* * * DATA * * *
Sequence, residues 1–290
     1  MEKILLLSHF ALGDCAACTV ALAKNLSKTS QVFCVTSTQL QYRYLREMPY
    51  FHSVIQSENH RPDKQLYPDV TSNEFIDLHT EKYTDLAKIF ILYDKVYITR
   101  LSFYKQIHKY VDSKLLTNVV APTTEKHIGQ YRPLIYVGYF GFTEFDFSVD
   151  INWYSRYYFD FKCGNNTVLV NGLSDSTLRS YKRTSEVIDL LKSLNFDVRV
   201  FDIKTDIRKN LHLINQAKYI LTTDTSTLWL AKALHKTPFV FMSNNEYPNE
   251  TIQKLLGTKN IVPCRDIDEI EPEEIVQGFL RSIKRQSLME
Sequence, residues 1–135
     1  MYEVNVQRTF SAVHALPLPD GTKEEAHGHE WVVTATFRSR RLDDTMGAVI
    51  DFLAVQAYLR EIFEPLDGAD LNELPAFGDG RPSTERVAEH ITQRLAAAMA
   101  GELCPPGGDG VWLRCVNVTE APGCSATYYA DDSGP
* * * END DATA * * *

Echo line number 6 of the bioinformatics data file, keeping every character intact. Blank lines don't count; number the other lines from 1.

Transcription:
   201  FDIKTDIRKN LHLINQAKYI LTTDTSTLWL AKALHKTPFV FMSNNEYPNE